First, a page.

Home PodcastAshraf Garda South Africa is not a failed state – yet  

South Africa is not a failed state – yet  

by Luqmaan Rawat

A measurement of countries of the world and their year on year improvements or fragility 
Photo fragilestatesindex.org 

Johannesburg – South Africa has been on a downward spiral for quite some time. Some say it started in the last year of Thabo Mbeki’s presidency, while others blame former President Zuma. However, no matter how low the country is, it is incorrect to say it is a failed state. 

Due to the subjective nature of it, there is no agreed upon definition of the term “failed state.” A state is considered “failed” when a government no longer exists, laws are not enforced, and service delivery is non-existent. According to political analyst, Professor Sipho Seepe,  South Africa is not a failing state, rather an ineffective one. 

“We may have a functioning state in the formal sense that you have a government, that you have a treasury, you have tax collection, you have the police, you have regular veterans, and you have a judiciary. We have all of that. They exist and function. We also know that we do not have an effective state. The state is not able to fulfil the obligation and the government is unable to fulfil the promises that it gives to the nation during elections.” 

For Seepe, to suggest that the country is a failed state would be “unfair”. This is on the basis that the country is still democratically run. The citizens get to choose who they want to rule over them. One of the features of a failed state is that citizens “no longer even believe in any elections” and we have not reached that point. 

South Africa still has its unions, and it allows its people to protest. While these still remain, it shows that people are not being silenced. Democracy is still alive. What we are currently seeing is people losing trust in the government, said Seepe. 

Youth education is the key to a successful future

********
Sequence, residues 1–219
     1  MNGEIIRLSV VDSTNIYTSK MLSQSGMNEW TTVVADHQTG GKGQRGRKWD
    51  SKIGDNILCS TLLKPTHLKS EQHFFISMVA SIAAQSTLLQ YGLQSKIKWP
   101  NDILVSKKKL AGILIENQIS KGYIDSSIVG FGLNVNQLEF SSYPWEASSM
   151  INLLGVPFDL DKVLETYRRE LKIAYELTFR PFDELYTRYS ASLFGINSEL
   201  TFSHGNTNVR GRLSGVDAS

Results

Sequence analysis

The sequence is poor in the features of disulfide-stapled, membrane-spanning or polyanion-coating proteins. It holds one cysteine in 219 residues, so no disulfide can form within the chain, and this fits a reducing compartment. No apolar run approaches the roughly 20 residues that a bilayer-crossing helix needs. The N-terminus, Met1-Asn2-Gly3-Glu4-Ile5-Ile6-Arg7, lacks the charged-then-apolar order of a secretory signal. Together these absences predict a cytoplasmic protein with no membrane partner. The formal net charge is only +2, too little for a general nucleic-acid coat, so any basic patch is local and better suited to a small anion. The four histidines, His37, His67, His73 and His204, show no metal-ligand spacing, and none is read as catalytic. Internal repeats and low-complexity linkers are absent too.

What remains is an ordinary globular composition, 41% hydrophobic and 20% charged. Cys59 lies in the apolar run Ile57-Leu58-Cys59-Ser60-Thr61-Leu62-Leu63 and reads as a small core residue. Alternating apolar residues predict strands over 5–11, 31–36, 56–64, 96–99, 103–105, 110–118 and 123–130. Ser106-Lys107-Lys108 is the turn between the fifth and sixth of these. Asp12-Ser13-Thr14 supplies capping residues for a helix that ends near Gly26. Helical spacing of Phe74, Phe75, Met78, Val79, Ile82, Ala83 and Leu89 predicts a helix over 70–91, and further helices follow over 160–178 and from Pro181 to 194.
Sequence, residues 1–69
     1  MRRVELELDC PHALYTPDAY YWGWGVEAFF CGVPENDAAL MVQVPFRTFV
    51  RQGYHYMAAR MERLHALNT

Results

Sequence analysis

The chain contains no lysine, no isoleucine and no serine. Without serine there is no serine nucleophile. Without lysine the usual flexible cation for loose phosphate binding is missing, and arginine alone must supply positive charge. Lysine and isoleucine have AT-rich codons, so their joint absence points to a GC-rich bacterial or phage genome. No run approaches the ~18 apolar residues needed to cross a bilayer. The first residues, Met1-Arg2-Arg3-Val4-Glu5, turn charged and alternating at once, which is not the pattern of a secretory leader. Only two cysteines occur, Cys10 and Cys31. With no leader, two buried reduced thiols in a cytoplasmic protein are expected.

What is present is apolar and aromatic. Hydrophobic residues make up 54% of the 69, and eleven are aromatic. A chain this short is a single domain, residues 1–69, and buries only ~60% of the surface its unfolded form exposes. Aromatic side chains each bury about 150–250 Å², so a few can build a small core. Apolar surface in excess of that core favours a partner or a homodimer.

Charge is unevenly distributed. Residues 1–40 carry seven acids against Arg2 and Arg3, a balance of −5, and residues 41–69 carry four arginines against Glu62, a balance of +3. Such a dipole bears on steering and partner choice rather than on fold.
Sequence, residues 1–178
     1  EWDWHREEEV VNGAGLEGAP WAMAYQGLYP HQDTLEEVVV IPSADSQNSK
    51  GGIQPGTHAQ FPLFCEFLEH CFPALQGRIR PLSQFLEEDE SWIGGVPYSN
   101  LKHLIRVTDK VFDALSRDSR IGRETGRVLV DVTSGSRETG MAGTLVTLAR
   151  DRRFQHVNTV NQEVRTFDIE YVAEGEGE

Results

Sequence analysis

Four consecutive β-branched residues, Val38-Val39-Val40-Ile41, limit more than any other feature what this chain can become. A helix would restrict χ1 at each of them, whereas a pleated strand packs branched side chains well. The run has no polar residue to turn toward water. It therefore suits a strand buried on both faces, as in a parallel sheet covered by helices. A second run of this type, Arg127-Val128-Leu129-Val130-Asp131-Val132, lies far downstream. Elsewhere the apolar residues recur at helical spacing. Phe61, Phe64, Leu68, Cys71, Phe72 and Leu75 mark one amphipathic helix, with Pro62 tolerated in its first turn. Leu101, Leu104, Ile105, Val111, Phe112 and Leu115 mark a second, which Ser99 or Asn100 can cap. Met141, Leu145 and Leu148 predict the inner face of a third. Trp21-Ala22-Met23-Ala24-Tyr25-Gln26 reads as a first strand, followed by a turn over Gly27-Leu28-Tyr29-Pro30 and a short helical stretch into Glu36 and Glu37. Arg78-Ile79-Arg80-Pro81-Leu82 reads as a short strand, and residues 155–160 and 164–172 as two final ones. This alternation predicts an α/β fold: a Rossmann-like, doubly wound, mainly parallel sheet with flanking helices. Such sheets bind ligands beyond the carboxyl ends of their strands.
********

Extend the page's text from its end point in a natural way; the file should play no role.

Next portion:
Citizens contribute to failed state 

The citizens have the power to elect who they want and also to remove who they want. By keeping an ineffective government in power, citizens have only themselves to blame, said Seepe. 

“Our constitution allows that if you are dissatisfied to remove that political leadership. If anything, you could say the electorate are failing themselves as opposed to the state … The most important thing is that we have a choice. People need to understand that the power lies in their hands. If they choose the wrong people, then they must accept the consequences of their choices. What we now see, and it’s beginning to become almost possible, is that the ANC, if it continues on this trajectory, will be removed but we cannot assume that the future government will necessarily fail.” 

What people have become conditioned to think is when parties make a promise, we believe they will fulfil it. We vote for it and then become “unhinged” when it is not delivered. Democracy requires active participation, which is something we do not see, said Seepe. 

Unemployed graduates betting on themselves as government fails them

Loyalty to government

The main problem with people is their loyalty to a government with such a strong history. According to Seepe, this loyalty is the downfall of the people as they are blinded by it. 

“The problem with our people is that they have been loyal to a force. They believe too much in their network and they believe too much in the people’s history of struggle. We know that the history of South Africa does not tell you anything. The issue is we must judge people on what they do. Not what they promise and not their history. History, even though it helps to understand where people come from, it cannot be a predictor of future behaviour.”  

Seepe believes that democracy is still strong within the country, and it will take a lot for the ANC to try to destroy it. A power the government might no longer have. Sipho Seepe discussing the Big Picture on the Ashraf Garda Show.

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